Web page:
The Democrat chairman of the Senate Intelligence Committee has called for an investigation into the Biden administration’s execution of a troop withdrawal from Afghanistan that led to the rapid collapse of that country’s government.
“Intelligence officials have anticipated for years that in the absence of the U.S. military the Taliban would continue to make gains in Afghanistan,” Sen. Mark Warner, D-Va., said late Monday in a public statement.
“That is exactly what has happened as the Afghan national security forces proved unable or unwilling to defend against Taliban advances in Kabul and across the country,” Warner said, adding that the Biden administration should answer “tough but necessary questions.”
House Minority Leader Kevin McCarthy, R-Calif., called Sunday for a congressional investigation into the Biden administration’s handling of the exit from Afghanistan as the Taliban toppled the U.S.-backed government in a matter of days.
Warner’s call for a probe, however, signals potential bipartisan backing for congressional scrutiny.
Moreover, Warner is a Democrat with actual power to begin and shape an investigation as head of the Senate Select Committee on Intelligence.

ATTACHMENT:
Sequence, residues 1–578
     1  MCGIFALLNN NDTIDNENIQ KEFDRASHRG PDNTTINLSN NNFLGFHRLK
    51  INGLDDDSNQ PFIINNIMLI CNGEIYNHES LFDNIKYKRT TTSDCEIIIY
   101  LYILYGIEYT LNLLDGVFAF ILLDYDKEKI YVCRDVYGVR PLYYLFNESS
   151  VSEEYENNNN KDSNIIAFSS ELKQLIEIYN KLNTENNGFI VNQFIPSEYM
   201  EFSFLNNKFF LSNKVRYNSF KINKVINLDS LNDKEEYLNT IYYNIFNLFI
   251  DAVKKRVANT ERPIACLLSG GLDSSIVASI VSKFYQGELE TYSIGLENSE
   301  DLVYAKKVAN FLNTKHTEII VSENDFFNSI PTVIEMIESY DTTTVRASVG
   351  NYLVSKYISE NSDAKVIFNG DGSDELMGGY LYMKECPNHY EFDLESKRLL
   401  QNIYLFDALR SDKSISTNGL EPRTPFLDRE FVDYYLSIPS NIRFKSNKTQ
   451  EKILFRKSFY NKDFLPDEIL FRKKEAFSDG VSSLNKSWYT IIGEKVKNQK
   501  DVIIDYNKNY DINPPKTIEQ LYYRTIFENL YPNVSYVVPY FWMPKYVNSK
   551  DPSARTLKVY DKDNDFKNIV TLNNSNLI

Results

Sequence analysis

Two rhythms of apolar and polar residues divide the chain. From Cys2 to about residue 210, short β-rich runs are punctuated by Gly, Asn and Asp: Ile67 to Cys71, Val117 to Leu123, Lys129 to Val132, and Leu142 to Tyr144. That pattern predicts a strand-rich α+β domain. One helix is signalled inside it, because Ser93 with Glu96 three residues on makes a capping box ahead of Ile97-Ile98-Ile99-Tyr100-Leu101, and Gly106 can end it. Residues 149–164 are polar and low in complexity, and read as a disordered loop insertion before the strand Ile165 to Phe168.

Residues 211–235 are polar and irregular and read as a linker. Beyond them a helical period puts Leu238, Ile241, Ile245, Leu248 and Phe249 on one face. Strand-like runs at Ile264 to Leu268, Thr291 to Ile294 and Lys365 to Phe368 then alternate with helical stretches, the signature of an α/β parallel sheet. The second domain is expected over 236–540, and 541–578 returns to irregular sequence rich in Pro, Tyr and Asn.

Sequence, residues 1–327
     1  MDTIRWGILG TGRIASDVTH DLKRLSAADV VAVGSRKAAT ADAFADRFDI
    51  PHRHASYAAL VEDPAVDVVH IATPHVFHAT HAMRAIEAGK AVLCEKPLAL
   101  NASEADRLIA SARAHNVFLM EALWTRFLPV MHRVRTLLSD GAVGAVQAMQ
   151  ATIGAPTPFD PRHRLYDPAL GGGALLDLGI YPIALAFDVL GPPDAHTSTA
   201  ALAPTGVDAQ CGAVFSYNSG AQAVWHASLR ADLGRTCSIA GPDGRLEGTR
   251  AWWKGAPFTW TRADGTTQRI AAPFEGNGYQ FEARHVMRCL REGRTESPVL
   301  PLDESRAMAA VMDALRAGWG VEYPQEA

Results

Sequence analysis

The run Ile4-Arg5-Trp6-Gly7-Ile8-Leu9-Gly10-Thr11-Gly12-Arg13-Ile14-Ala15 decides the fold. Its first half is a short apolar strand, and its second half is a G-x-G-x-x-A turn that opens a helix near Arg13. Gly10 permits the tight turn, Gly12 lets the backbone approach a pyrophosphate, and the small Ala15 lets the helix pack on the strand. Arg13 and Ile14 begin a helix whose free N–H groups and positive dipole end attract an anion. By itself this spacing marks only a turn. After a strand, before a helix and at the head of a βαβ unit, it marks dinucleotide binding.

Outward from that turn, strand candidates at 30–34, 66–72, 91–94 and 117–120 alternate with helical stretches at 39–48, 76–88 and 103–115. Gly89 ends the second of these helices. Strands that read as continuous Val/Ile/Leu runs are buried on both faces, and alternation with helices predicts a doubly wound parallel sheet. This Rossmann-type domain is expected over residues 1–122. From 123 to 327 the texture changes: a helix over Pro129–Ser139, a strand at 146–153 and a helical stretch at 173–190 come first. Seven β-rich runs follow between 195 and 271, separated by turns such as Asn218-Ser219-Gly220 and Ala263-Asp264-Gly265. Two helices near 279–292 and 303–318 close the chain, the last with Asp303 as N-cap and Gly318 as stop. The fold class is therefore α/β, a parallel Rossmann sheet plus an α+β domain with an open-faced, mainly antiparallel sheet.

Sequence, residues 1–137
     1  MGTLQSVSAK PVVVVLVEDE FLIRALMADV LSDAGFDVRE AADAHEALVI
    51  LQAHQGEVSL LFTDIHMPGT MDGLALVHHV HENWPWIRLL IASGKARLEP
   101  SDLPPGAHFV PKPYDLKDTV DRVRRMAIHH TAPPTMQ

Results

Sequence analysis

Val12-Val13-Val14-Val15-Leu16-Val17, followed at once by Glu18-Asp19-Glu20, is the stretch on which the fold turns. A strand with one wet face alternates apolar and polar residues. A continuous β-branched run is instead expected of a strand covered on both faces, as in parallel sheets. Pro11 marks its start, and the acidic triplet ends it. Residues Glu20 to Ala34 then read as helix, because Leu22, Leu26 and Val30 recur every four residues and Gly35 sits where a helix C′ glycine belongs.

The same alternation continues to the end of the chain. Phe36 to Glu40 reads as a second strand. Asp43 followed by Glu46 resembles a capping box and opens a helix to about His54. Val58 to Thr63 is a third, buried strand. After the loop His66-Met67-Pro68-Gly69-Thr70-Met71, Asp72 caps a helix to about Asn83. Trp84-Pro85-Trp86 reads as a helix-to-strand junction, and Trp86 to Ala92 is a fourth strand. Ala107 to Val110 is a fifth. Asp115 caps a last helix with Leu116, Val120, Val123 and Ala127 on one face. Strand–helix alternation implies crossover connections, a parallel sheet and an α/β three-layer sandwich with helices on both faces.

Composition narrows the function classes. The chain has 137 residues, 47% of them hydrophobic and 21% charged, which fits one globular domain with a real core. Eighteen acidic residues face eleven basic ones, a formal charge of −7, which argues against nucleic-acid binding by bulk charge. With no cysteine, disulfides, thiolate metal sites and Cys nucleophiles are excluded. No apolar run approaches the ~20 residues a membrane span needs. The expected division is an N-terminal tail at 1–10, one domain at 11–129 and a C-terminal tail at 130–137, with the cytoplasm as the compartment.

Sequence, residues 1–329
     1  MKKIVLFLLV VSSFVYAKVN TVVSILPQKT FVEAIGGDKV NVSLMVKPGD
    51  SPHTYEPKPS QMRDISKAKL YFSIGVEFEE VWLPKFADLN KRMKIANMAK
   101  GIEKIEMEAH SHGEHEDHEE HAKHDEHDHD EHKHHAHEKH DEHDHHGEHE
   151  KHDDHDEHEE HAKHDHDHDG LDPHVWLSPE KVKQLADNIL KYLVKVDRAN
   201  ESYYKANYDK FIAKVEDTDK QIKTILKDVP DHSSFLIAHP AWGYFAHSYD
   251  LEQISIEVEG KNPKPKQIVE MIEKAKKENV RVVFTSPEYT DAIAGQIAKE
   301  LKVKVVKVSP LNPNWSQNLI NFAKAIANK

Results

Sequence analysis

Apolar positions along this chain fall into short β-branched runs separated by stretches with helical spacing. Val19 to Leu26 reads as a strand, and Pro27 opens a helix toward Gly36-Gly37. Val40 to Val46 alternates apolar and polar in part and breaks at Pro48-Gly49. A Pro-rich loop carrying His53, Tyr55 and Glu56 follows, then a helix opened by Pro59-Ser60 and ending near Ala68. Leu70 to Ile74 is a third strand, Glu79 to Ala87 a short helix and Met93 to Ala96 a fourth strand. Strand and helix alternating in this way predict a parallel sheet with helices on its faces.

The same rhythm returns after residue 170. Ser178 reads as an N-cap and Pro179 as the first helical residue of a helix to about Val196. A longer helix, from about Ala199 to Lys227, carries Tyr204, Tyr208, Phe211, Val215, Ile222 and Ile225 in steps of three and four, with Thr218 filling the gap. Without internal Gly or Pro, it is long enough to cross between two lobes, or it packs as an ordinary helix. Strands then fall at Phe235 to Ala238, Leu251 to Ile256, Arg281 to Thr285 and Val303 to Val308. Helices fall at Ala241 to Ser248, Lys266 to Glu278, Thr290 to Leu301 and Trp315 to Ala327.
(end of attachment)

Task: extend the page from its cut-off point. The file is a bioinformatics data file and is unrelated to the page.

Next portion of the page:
In his statement, Warner said:
As the chairman of the Senate Intelligence Committee, I hope to work with the other committees of jurisdiction to ask tough but necessary questions about why we weren’t better prepared for a worst-case scenario involving such a swift and total collapse of the Afghan government and security forces. We owe those answers to the American people and to all those who served and sacrificed so much.
In remarks Monday afternoon at the White House, President Joe Biden largely blamed the Trump administration and Afghan political and military leaders for the outcome, but also said he stands behind his decision to withdraw U.S. troops.
During a press briefing Tuesday, a reporter asked White House press secretary Jen Psaki about Warner’s criticism.
“There’s been some criticism from Democratic lawmakers on Capitol Hill—Mark Warner, [Sen.] Bob Menendez [D-N.J.]— saying—Menendez saying, ‘I’m disappointed that the Biden administration clearly did not accurately assess the implications of a rapid … withdrawal.’ What is the White House’s response to those lawmakers?” the reporter asked.
“Well, I would first say that we did assess early on, when the president asked for a clear-eyed assessment, that there would be impacts and there would be consequences of making the choice he made,” Psaki said, adding:
He also acknowledged yesterday—and I would just reiterate—that this did happen more rapidly than we anticipated here—than anyone anticipated. I think that accounts for members of Congress and people who are on the ground in Afghanistan.
And what our effort is now—is focused on moving as many people out as we can from the country.
Ken McIntyre contributed to this report.
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